The window here was one of the smallest I have seen; I couldn’t even catch a glimpse of the man’s face working there; however, that adds to its charm. There was a lovely little seating area out the front where I could relax with my drink.
I didn’t want to order any food, but I overheard a couple sitting next to me talking between them, saying they weren’t allowed to order food outside and if they wanted to eat, they would have to go downstairs to the restaurant. So, keep that in mind if you’re hungry.
I was impressed by the wine list here; it was enormous, with plenty of whites, rosés, reds, and sparkling options. The Barbanera Toscana Rosata caught my eye, so I ordered a glass of that.
As far as rosés go, it was one of the best I have tried. The taste was very refreshing, with a burst of pleasurable cherry and strawberry aromas on my palate.
Cantina dei Pucci (€€) – Via de’ Pucci, 4, 50122 Firenze FI, Italy – Monday to Friday, 12:00 pm to 11:00 pm
Osteria Belle Donne
Set close to the famous corner of Via delle Belle Donne; Osteria Belle Donne is a gorgeous two-story hidden restaurant with its own wine window.
When I visited Osteria Belle Donne, I thought they were closed because the doors on the window were shut. Out of curiosity, I went over and knocked; in seconds, the doors burst open, so don’t get discouraged; more than likely, they’ll be serving from the window.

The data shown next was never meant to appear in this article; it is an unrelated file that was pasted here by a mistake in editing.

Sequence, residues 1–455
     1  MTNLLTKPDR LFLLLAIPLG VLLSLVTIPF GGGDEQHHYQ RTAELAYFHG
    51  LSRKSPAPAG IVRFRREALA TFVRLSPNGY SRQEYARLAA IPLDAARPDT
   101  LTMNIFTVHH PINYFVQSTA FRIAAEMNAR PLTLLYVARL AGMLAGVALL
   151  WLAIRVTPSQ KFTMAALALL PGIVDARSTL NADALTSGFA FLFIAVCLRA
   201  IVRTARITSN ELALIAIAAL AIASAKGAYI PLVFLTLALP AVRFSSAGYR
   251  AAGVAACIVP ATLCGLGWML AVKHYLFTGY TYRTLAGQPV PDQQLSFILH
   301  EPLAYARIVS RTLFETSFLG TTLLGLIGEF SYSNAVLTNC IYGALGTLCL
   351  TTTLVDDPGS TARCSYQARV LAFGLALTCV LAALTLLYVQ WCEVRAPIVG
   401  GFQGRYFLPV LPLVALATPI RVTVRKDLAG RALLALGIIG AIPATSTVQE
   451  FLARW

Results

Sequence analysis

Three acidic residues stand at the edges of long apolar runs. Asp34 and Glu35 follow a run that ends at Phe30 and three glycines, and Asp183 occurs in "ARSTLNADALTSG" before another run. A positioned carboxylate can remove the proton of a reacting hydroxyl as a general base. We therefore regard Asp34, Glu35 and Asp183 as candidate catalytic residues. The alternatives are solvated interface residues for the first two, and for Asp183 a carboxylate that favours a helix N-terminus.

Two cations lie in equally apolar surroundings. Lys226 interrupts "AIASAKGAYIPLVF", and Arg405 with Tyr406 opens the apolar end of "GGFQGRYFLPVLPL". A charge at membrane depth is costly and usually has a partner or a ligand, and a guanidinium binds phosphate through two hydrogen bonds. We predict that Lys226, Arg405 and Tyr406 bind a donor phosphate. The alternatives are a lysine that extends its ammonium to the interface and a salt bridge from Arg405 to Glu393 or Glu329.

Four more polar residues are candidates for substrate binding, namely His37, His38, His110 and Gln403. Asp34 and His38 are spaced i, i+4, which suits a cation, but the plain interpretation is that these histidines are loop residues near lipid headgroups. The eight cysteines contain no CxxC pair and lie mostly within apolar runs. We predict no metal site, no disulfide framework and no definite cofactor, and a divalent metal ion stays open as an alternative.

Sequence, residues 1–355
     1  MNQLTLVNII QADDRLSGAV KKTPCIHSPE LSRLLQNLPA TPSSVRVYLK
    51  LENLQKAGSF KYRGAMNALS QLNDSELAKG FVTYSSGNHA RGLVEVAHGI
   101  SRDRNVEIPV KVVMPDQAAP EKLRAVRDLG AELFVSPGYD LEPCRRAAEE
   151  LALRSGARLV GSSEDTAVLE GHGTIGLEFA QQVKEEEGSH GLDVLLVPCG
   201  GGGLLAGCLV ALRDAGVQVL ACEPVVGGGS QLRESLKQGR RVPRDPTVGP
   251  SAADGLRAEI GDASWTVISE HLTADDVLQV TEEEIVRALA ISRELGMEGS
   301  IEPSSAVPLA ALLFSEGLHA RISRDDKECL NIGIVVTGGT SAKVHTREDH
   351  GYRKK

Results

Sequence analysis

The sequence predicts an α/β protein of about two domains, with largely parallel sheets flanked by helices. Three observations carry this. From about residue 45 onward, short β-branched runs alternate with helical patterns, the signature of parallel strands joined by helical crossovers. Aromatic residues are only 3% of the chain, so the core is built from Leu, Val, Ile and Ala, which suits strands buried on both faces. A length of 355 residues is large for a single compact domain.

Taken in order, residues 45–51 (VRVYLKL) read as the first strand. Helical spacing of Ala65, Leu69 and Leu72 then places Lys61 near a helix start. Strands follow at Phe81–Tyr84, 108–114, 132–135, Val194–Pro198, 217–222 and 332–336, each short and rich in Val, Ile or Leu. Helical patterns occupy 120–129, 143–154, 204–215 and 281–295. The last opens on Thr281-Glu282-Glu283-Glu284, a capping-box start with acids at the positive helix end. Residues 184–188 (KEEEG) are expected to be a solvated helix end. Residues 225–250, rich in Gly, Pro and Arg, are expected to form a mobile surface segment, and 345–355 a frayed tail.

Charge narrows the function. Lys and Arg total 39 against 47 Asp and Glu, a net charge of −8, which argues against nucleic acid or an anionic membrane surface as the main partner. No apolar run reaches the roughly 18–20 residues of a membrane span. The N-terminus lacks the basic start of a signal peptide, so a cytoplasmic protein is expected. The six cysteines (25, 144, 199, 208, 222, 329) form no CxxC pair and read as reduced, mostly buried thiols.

I asked the server working there what wine they recommended, and she said that the Chianti Classico is a customer favorite, so I took her advice and ordered one.
From the first sip, I got a strong cherry and herby taste with a kind of smoky kick; it was quite unusual; I had never tasted anything like it in my life. I would definitely recommend you try it if you’re into red wine and you get a chance.
You won’t be able to miss the wine window at Osteria Belle Donne, not for its size, but more because of the two large wine bottles standing out front covered with lush green trees and big plant pots.
There’s also a sign suspended above the stone-covered wooden door window with the restaurant’s name on it, which gives it away. Just be aware that Osteria serves all of their Tuscan wines outdoors in plastic cups, which some people aren’t a fan of, but I didn’t mind.